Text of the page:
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Black Leaders Gather Discuss Climate Issues

WASHINGTON  – U.S. legislators, academics, scientist, business leaders and advocates have met to discuss the challenges and opportunities to frame a new conversation on U.S. climate change policy. The day-long session attracted more than 300 leaders from across the country for a dialogue on issues such as how climate change mitigation efforts can foster new technologies and job growth, as well as how other countries are addressing the issue.
 
The symposium opened with a high-level morning discussion spotlighting the need for the science of climate change to be more closely connected with environmental law enforcement in disproportionately burdened communities. “By addressing this need and bringing the people of these communities firmly into the debate, we can ensure that climate change policies are fair, effective and mitigate global warming's outsized threats to low income areas while delivering clean jobs and related economic growth in places where they are most needed,” said Ralph B. Everett, President and CEO, Joint Center for Political and Economic Studies. The conversation also centered on advancing U.S. climate policy in light of the global economic context and the upcoming international climate change negotiations in Cancun, Mexico.
 
Participants in the morning session included Congresswoman Sheila Jackson Lee, (D-TX), who hosted the Opening Plenary in conjunction with the 2010 Annual Legislative Conference of the Congressional Black Caucus Foundation. “I applaud the Joint Center in helping stakeholders bridge the gaps in science, policy and practice for the betterment of African Americans and communities of color.”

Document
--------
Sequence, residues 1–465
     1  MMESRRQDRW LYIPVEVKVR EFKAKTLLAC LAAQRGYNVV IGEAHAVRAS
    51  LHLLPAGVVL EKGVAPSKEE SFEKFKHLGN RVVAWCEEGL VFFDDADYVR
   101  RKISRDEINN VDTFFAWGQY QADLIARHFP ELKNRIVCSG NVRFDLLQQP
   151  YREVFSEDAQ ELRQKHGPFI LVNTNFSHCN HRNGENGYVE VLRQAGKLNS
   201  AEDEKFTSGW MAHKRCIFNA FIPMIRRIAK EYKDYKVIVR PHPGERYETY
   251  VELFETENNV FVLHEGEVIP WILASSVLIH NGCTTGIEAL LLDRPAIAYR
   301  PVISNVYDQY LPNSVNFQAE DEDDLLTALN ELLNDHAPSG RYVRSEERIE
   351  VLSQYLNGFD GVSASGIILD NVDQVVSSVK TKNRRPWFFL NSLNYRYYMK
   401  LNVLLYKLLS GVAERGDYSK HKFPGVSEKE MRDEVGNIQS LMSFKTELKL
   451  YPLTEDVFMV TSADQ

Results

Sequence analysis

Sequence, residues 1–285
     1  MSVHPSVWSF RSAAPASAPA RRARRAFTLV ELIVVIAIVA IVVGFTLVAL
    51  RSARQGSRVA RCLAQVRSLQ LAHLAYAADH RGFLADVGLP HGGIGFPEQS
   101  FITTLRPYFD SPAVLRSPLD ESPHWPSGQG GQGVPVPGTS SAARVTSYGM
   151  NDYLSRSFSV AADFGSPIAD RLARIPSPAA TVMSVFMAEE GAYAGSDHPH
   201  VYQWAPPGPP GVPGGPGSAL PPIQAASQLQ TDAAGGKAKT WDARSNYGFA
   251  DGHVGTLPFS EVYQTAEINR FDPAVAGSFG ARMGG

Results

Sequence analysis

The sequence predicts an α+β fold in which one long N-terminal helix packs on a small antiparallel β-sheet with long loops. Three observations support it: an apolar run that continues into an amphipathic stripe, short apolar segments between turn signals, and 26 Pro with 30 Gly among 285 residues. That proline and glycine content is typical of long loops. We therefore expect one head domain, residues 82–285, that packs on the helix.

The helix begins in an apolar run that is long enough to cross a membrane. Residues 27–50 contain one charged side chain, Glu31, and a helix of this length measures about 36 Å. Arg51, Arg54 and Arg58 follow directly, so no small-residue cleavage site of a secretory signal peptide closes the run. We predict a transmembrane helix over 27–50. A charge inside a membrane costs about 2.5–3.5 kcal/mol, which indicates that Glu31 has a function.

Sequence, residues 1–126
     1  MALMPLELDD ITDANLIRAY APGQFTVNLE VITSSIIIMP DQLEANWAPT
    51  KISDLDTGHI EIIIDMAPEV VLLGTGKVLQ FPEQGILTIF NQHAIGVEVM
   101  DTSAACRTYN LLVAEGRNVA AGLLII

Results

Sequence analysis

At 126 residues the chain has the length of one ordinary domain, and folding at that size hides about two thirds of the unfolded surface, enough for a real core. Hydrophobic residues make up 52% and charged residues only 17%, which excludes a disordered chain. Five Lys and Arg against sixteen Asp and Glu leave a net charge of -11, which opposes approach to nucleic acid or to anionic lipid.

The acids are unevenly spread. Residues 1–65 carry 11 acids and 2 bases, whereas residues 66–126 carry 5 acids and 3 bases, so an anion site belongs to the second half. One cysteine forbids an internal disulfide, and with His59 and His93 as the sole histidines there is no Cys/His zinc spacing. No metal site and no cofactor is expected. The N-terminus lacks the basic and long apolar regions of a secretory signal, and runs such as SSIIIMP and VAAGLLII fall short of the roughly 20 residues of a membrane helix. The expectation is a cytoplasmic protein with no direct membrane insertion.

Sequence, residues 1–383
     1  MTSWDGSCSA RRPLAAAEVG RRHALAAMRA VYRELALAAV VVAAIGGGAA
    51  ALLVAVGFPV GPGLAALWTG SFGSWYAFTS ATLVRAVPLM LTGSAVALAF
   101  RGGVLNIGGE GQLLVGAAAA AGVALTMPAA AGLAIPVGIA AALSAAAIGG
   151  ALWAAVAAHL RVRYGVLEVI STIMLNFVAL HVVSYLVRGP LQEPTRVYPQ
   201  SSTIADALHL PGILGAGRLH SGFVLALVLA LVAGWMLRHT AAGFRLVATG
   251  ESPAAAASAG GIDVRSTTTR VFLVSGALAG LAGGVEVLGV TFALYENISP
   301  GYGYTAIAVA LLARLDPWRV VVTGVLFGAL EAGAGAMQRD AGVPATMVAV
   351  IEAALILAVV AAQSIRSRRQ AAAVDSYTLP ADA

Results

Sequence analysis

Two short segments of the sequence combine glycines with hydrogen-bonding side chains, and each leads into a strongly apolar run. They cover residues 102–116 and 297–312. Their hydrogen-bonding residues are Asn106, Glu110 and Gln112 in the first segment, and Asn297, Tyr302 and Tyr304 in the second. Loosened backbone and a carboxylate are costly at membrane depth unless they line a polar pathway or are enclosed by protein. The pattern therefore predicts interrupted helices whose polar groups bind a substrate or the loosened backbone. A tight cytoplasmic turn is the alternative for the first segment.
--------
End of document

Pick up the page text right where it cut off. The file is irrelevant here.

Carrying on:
The afternoon sessions focused on how “smart growth” can scale up equity in transportation, housing and other related areas. “Transportation is a crucial link to ensuring opportunity for all—connecting us to jobs, schools, housing, health care, and grocery stores. Federal transportation policy choices—what we build, where we put it, who builds it, what energy powers it—have an enormous impact on our economy, our climate, and our health,” said former U.S. Transportation Secretary Rodney E. Slater.  “We must invest in a manner that builds a nation where all people can participate and prosper.”
 
Moving to the global stage, the final session highlighted the need for stimulating trade, investment, technology transfer and development between the U.S. and Africa. “We cannot afford to delay action on greenhouse gas emissions. The United States now has a tremendous opportunity to put in place policies that will promote sustainable economic growth and demonstrate to the world the advantages of developing and using low-carbon technologies,” offered Dr. Sheila T. Freeman, a leading expert on trade and development, and a former U.S. diplomat.
 
 
The “Critical Issues in Climate Change” Symposium is part of the commemoration of the Joint Center's 40th Anniversary and sponsored by its Commission to Engage African Americans on Climate Change to spotlight the issues and help frame a new conversation on U.S. climate policy. According to Gina E. Wood, Joint Center’s Director of Policy and Planning, “the right climate legislation can transform the economy… lead to energy independence, improve quality of the air we breathe, the water we drink and the land we live on, create millions of new jobs, and launch the U.S. as global leader in clean energy economy.”

The Joint Center for Political and Economic Studies is one of the nation’s leading research and public policy institutions and the only one whose work focuses primarily on issues of particular concern to African Americans and other people of color. The Joint Center is celebrating its 40th Anniversary this year. 

STORY TAGS: BLACK , AFRICAN AMERICAN , MINORITY , CIVIL RIGHTS , DISCRIMINATION , RACISM , NAACP , URBAN LEAGUE , RACIAL EQUALITY , BIAS , EQUALITY

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